Following the recent posts about open source and free I came across a recent posting by Michael Goldhaber.
Text of an interview with Michel Bauwens, conducted by email on March 30, 2006:
Interview with Michael Goldhaber on the Attention Economy
"1) My educational background is in theoretical particle physics. The threat of nuclear war and the Vietnam war both made me aware that scientists had a responsibility to understand the wider world in which their discoveries were being used and how, and to act for what they understand as the good of all. Aside from some direct political work, I began to be interested in how the history of science fitted into socio-cultural and economic history. By chance I decided to test my understanding with the relatively short history of microprocessors. This was around 1980, as the personal computer was just taking off, when there was much talk of the "paperless office" and so on.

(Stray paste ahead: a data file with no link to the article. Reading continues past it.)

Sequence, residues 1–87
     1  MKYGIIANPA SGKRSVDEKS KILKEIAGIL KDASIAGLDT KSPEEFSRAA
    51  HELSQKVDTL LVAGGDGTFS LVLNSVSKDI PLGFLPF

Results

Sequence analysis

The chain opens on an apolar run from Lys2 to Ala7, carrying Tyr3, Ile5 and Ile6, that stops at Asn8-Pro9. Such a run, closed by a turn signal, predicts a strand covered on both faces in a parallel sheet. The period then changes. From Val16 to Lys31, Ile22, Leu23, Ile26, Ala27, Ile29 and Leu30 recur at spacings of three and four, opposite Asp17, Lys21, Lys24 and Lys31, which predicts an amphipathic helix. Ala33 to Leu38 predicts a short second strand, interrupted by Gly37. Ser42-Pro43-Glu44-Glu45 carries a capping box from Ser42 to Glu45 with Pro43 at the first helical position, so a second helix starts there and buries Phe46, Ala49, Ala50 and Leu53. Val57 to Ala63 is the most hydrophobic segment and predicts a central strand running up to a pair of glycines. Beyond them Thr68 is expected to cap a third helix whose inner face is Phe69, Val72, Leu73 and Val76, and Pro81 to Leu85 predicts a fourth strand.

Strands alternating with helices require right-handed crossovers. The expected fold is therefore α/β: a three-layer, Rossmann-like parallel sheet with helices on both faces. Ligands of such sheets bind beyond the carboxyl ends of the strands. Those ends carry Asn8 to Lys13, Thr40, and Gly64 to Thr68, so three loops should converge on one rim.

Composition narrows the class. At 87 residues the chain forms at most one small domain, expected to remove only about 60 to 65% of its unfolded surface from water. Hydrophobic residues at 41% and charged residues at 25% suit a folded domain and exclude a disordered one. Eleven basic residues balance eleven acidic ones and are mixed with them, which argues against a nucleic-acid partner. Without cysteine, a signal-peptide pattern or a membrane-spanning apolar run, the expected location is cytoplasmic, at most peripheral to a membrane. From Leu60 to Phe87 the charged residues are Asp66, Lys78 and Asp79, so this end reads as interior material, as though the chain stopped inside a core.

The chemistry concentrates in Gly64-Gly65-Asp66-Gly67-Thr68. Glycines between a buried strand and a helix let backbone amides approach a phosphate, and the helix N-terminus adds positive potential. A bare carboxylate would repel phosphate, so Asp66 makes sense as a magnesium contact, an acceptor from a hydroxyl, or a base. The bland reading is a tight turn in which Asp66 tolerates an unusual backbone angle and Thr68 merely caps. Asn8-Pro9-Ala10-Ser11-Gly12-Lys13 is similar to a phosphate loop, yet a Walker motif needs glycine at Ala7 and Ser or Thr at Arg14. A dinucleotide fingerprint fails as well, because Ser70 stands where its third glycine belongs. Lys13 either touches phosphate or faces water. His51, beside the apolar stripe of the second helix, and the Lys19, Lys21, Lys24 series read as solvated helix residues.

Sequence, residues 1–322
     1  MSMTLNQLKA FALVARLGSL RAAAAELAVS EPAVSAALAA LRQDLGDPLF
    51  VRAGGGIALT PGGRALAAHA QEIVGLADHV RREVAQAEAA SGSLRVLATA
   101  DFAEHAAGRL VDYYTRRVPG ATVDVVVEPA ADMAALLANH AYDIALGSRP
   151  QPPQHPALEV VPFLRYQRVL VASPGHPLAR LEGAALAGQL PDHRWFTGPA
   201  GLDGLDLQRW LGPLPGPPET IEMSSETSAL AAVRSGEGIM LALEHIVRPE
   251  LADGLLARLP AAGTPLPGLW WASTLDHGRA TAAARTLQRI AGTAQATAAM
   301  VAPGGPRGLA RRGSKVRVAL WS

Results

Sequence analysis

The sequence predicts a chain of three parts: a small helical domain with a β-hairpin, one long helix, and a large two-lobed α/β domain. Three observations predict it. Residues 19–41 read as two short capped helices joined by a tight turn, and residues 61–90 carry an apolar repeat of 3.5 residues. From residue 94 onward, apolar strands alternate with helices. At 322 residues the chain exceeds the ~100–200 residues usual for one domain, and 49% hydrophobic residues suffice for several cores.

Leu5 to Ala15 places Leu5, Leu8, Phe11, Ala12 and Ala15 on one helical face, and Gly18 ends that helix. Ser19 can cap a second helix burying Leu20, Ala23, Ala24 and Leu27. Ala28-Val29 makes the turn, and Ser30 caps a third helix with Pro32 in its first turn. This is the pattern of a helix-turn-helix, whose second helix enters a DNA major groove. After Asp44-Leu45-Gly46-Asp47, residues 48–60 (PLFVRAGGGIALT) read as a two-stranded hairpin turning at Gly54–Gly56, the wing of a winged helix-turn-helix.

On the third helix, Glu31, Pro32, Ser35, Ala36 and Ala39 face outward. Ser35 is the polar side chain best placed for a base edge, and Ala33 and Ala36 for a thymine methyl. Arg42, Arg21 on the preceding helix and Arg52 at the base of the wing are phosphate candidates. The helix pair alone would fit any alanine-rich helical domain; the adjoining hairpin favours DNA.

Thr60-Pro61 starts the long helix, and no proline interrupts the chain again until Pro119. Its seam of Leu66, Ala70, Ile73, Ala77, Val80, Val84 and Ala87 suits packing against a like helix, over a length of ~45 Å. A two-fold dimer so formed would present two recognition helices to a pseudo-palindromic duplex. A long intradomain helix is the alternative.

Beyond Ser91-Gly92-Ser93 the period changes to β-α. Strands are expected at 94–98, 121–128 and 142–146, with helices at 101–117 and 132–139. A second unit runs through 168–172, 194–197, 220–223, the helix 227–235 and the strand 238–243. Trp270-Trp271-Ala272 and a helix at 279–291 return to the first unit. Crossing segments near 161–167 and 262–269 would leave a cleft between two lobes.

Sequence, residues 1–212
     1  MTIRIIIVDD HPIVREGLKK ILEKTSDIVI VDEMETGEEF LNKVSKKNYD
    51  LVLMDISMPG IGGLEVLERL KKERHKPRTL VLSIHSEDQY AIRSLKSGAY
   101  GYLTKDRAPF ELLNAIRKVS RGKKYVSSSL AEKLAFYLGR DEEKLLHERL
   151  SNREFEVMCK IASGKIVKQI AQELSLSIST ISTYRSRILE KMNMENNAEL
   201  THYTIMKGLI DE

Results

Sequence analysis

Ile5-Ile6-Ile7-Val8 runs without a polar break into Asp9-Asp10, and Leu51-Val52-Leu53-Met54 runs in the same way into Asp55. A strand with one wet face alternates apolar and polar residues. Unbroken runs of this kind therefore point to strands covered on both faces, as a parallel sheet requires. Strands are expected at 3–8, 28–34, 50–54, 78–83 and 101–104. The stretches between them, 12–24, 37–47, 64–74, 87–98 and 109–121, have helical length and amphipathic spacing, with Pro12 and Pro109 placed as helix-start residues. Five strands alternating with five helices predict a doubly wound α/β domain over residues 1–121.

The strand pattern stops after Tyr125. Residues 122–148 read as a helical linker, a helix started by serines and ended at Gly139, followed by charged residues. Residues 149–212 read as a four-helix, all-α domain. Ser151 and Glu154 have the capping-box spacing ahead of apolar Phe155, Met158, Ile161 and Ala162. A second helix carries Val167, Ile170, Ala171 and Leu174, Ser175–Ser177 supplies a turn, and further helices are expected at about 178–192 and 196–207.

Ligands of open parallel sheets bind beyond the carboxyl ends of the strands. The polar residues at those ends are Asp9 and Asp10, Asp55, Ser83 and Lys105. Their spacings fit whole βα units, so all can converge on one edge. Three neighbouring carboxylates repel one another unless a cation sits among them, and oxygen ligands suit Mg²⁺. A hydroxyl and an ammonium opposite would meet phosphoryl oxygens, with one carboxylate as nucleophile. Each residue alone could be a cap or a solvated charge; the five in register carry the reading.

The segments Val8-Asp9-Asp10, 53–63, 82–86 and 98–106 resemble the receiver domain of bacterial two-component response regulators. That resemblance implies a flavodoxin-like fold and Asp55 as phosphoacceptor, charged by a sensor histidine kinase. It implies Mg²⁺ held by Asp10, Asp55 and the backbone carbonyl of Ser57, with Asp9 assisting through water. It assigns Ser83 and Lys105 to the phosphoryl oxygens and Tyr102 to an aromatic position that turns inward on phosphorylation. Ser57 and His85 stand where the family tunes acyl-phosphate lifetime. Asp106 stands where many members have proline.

If we were entering a "post-industrial" economy, I wondered what was motivating it. That led me to think in terms of an economy based on information rather than things. But that formulation continued to trouble me. Economies are supposedly organized around the allocation of what is scarce, but even then it was completely evident we were wallowing in information. It was far less scarce even than the super-abundant consumer goods of the old material economy. The need for more information just doesn't work as a motivating factor. I began to be aware that what is intrinsically scarce yet highly desired is attention. What is the point of putting forth information if it doesn't garner attention?
There were all sorts of things to learn to make sense of this, and that is why it has taken so long for me to develop the idea fully.
for the rest of the article see here
More information at http://firstmonday.org/issues/issue11_6/goldhaber/